5 Recipes From a Top Chef Master
Jerry Traunfeld, one of this season’s contestants, offers tips on how to master the art of the herb in your kitchen.
Jerry Traunfeld is chef and owner of the Seattle restaurant Poppy. Prior to opening his own restaurant, he received national acclaim as the chef at The Herbfarm, which was voted one of the top 10 restaurants in the United States in the 2007 Zagat Survey, is a Gayot’s Top 40 U.S. Restaurant, and is the only AAA 5-Diamond restaurant in the Northwest. He was a 2000 recipient of a James Beard Award for Best American Chef: Northwest and Hawaii. He is the author of the award-winning books The Herbfarm Cookbook and The Herbal Kitchen. Jerry also can be seen on this season’s Top Chef Masters on Bravo.
It is this recipe that inspired me to write The Herbal Kitchen. When I began thinking of writing a second cookbook about 10 years ago, I was experimenting in my restaurant kitchen with roasting salmon at a very low temperature. The gentle heat consistently turns out perfectly done, moist fish, and miraculously it’s one of the easiest and most foolproof ways you can prepare it. Most home cooks had never heard of the technique, but it translates flawlessly to the home kitchen and I felt the world needed to know about it. I thought of how great it would be to put together a collection of many recipes with similar magic, borrowing techniques I discovered as a chef, translated into extremely simple and quick home recipes, and all made fabulous with fresh herbs.
This is has been my go-to cool weather salad for many years, and it’s a favorite in my cooking classes, where students are amazed at how such little effort can turn out such an amazing salad. It has celery, nuts and winter fruit in common with the classic Waldorf, but choosing Asian pear, hazelnuts, and mustard vinaigrette to replace mayonnaise gives it swank. I love to use the Duchilly variety of hazelnuts that are grown in Washington state for this dish. They have such thin skins that don’t need to be removed, and their glossy rich brown color is gorgeous with the green and gold of the other ingredients.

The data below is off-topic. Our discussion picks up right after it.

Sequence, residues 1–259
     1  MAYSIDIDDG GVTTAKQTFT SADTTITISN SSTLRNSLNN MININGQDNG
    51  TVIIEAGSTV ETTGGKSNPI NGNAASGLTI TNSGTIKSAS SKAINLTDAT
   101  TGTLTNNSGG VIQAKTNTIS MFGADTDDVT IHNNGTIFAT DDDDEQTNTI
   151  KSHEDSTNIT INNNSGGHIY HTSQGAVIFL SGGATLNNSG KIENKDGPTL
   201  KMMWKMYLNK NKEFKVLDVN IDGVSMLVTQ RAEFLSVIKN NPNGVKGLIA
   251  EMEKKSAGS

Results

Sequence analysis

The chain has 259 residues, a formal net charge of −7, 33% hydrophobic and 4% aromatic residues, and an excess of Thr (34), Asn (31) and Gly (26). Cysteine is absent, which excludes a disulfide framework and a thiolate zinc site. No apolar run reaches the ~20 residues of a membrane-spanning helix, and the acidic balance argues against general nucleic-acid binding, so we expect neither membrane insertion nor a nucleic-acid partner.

Many chefs use potatoes to thicken pureed soups like this one, but I always find the potato flavor noticeable and the texture never completely silky and smooth. I prefer to use a tiny bit of rice. It gives the soup a velvety body, almost as if it were enriched with cream, without contributing a taste. This takes lots of parsley, but after all, it is a parsley soup—just the thing to begin a lovely spring dinner.
When I was working on the recipe mix for The Herbal Kitchen I tried to think of recipes that would be most valuable to someone who loves to cook at home but has limited time. Everyone needs side dishes for holidays and dinner parties, things that you can prepare ahead, throw in the oven, and bring to the table along with your roast or turkey. A savory bread pudding is just the thing. For this one I use dried porcini, my precious pantry staple, which brings savory depth of flavor to dishes that are rich with cream and eggs. And I use generous amounts of fresh marjoram, the herb I always consider first when I cook with mushrooms.
I’ve never been big on sugary, gooey desserts. Instead, give me tangy warm fruit, buttery crisp crust, and a creamy cold scoop of something on top. That’s why I’m a big fan of rhubarb cobbler. Rhubarb is so easy to prep, you just wash and slice, and cobbler biscuits come together in an instant, which means this is a dessert you can indulge in with about 20 minutes of effort.
Click here for more of Jerry’s recipes on Cookstr.com.